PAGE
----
#BIOWC16: “Cellulosic Biorefineries – Where Are We Today and Where will We Be Tomorrow”

#BIOWC16: “Cellulosic Biorefineries – Where Are We Today and Where will We Be Tomorrow”

“The Cellulosic Ethanol – Where are We Today and Where Will Be Tomorrow” panel started off the Advanced Biofuels and Biorefinery Platforms Track at the 2016 BIO World Congress on Industrial Biotechnology.

Steve Hartig from ICM kicked off the panel by providing an overview of the current challenges in scaling up production of cellulosic ethanol. While large-scale cellulosic ethanol from crop residues is seeing challenges in financing and logistics, continued advancements in technology will allow us to overcome these hurdles in the coming years.

ICM’s progress on corn fiber cellulosic ethanol and cellulosic ethanol from crop wastes areWorld Congress-BIOTwitter_1024x512overcoming the challenges surrounding the development second-generation ethanol. Corn fiber ethanol is a robust solution for maximizing the cellulosic gallons compared to other approaches. It is able to build off the existing infrastructure reducing costs and utilizes a feedstock that they are familiar in collecting and storing. This technology brings about 7 to 10 million gallons of cellulosic ethanol from a 100 million gallon corn ethanol plant and could bring up to 1 billion gallons across the U.S.

Murray McLauglin from Bioindustrial Innovation Canada focused on their work in developing an economic, long-term sustainable and reliable supply of feedstock for the cellulosic sugar supply chain. Starting from the farm to the end user, the continued development and industrialization of supply chains is critical in developing cellulosic biorefineries. Bioindustrial Innovation Canada is working to foster collaboration and partnerships in this space, which is critical to the development of any new technology.

Martin Mitchell from Clariant focused on how their technology, the sunliquid process overcomes the challenges of scaling up a cellulosic biorefinery. Their technology converts lignocellulosic agricultural residues, such as cereal straw into a cellulosic ethanol or other biobased chemicals in away that is highly efficient, economic and sustainable.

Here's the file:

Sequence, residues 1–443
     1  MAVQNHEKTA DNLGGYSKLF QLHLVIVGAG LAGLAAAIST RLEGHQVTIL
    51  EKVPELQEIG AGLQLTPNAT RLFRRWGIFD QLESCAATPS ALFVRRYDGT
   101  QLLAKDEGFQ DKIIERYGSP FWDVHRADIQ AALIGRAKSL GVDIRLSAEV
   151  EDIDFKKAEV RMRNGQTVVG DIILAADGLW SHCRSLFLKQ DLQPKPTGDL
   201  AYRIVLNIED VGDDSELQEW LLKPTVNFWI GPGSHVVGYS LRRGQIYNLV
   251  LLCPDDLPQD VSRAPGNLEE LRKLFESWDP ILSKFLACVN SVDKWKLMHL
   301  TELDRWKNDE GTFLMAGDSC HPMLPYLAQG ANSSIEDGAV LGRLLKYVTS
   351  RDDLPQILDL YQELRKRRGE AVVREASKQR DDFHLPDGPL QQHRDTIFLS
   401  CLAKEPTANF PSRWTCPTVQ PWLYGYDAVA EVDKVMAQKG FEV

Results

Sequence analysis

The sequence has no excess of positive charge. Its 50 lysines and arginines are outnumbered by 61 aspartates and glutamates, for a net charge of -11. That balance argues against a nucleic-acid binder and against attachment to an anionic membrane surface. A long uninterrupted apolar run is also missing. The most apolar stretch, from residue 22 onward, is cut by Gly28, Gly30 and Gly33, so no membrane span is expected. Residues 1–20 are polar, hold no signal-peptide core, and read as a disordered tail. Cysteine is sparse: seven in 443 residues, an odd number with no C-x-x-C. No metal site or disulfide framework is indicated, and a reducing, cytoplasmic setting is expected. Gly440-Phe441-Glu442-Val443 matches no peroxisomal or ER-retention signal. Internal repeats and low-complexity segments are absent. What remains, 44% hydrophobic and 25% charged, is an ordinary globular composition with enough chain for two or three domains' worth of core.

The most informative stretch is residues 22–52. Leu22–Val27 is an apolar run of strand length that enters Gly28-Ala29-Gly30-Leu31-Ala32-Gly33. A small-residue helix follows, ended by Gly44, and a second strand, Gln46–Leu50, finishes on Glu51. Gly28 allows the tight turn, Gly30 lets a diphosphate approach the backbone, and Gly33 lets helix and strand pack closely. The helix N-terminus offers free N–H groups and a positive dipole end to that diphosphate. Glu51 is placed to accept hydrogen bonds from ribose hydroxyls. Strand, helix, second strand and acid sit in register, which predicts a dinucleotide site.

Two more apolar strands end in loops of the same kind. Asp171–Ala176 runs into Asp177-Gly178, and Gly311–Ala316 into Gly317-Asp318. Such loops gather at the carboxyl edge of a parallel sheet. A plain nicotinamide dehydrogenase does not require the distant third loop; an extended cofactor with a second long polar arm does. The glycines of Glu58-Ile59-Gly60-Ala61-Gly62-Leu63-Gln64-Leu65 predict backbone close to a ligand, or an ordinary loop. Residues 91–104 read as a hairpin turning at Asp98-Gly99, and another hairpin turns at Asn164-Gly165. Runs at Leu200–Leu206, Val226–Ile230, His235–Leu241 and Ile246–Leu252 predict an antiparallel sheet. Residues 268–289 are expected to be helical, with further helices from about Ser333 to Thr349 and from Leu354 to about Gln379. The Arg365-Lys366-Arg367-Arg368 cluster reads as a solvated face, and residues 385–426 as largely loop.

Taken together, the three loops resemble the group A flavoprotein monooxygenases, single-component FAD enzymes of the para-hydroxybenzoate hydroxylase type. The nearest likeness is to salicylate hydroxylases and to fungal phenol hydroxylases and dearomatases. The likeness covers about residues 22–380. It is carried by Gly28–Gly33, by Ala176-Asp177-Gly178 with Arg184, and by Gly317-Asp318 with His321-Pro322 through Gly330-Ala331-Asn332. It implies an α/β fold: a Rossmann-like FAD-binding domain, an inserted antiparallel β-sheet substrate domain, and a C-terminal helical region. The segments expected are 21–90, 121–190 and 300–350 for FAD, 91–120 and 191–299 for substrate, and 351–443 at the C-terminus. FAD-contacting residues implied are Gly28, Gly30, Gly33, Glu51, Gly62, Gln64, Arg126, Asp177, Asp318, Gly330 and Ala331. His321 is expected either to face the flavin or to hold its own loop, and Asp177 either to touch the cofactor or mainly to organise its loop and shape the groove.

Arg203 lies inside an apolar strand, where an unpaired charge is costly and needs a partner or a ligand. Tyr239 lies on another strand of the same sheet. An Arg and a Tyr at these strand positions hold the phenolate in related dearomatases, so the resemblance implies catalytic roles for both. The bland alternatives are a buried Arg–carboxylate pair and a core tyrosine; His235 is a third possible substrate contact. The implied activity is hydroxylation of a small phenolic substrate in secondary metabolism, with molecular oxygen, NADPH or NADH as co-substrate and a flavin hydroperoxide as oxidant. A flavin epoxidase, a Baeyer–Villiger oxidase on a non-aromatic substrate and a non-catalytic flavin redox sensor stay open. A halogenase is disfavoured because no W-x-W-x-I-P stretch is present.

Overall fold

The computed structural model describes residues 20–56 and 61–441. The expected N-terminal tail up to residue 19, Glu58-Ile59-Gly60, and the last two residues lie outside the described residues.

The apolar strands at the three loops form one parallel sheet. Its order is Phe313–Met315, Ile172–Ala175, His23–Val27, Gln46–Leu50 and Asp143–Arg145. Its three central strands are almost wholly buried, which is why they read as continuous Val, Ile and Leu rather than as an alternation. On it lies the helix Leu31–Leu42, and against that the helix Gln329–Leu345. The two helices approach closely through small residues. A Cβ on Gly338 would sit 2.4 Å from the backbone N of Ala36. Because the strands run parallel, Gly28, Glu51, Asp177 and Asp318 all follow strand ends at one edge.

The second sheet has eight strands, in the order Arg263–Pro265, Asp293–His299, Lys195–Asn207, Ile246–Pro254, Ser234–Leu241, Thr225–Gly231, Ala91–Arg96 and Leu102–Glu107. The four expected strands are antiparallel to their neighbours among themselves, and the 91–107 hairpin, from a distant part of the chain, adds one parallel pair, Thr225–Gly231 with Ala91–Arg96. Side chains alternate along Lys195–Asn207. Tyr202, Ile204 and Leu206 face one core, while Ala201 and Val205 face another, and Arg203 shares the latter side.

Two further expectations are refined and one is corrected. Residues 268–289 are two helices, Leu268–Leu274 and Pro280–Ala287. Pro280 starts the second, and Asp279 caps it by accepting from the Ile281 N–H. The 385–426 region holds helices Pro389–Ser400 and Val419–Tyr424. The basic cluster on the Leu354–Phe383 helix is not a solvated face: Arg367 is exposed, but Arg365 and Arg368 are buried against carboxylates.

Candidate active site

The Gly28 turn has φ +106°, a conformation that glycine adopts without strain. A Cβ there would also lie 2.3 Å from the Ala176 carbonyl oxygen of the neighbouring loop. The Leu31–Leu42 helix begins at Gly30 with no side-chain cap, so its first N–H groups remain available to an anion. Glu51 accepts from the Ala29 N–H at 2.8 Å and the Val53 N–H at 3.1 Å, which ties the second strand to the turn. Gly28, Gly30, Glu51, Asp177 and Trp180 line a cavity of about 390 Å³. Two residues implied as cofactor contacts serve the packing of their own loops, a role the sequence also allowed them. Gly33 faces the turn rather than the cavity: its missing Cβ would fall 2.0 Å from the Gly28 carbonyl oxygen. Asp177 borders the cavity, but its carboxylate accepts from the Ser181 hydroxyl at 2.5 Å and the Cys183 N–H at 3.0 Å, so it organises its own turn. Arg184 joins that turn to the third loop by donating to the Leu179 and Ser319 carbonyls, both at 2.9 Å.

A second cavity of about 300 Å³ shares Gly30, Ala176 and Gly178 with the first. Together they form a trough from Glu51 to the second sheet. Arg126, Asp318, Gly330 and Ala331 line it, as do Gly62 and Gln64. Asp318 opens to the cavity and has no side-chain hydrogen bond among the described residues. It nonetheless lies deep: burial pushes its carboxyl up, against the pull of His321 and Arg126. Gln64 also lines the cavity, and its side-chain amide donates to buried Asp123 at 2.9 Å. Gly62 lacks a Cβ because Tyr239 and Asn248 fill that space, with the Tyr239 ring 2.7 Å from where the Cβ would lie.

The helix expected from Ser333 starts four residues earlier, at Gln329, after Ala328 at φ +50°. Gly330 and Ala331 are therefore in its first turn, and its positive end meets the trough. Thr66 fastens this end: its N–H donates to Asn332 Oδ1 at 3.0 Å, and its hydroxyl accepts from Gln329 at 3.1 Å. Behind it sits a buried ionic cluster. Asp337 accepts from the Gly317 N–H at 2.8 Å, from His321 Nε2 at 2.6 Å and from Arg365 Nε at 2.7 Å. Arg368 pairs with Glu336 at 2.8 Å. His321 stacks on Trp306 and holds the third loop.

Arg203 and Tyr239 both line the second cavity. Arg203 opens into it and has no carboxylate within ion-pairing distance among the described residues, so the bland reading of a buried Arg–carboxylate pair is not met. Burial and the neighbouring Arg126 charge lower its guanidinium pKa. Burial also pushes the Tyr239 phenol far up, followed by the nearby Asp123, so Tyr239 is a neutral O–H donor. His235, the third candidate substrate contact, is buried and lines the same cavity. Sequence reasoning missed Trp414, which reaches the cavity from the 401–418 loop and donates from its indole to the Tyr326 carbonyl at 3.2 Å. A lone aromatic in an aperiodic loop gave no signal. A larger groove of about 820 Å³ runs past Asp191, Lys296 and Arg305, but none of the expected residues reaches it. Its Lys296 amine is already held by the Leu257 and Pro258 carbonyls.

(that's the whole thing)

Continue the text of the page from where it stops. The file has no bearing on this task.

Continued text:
Clariant works to reduce the costs of developing cellulosic ethanol with integrated enzyme production from the cellulosic material itself to, resulting in lower enzyme costs and making the plan independent from external process. As a result sunliquid ethanol can compete with first-generation ethanol and reduced greenhouse gas emission by 95% when compare to fossil fuels. Clariant is also partnering with Mercedes-Benz in running vehicles on 20 percent cellulosic ethanol to help increase the market for biofuels. Clariant is looking beyond the fuels market for its cellulosic ethanol, selling to Werner & Mertz for the production of Natural Bio Spirit Glass & Multi-Surface Cleaner.

Yinbo Qu from Shandong University wrapped up the panel on the potential of biomass derived from wastes have the potential for developing cellulosic ethanol. Highlighting the example of the Chinese pulp and paper company, Shandon Tranlin Group has developed a set of technologies to produce pulp and paper from about a million tons of waste straw. Utilizing these agricultural residues will help reduce the costs of developing these fuels. This has allowed the company to move forward with the development of a pilot plant and working to scale up a commercial scale facility.

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